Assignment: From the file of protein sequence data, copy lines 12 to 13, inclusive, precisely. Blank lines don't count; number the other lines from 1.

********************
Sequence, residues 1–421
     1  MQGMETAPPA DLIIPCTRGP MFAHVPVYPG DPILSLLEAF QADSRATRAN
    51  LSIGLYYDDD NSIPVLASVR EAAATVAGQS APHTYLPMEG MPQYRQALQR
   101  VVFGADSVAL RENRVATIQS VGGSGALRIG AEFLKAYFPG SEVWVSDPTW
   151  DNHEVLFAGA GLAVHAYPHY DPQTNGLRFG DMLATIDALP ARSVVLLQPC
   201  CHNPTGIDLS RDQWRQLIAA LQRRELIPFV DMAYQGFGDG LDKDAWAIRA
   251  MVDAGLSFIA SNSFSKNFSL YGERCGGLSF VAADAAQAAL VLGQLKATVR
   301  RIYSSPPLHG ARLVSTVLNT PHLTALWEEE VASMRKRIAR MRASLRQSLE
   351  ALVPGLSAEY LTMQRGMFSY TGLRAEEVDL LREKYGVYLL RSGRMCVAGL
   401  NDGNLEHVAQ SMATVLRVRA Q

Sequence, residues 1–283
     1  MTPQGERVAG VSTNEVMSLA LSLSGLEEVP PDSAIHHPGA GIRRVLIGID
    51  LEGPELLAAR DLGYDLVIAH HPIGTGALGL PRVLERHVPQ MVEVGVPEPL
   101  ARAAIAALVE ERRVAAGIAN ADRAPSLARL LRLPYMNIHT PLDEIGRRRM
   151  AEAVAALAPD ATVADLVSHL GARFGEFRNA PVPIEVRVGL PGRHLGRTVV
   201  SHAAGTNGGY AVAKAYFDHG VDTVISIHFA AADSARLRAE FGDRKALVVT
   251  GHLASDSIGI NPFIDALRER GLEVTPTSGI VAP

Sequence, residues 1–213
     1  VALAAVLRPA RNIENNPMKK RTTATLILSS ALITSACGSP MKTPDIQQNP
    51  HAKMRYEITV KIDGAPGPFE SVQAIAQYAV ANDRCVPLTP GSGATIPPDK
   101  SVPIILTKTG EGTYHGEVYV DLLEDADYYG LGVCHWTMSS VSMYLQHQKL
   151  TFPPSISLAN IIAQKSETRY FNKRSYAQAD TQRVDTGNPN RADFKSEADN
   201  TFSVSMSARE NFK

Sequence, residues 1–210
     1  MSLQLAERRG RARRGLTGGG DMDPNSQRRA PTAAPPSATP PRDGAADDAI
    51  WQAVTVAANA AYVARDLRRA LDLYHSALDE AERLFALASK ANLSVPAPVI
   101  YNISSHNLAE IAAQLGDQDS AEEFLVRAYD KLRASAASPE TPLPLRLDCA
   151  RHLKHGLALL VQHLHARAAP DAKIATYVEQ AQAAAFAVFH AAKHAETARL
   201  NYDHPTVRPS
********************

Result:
     1  MTPQGERVAG VSTNEVMSLA LSLSGLEEVP PDSAIHHPGA GIRRVLIGID
    51  LEGPELLAAR DLGYDLVIAH HPIGTGALGL PRVLERHVPQ MVEVGVPEPL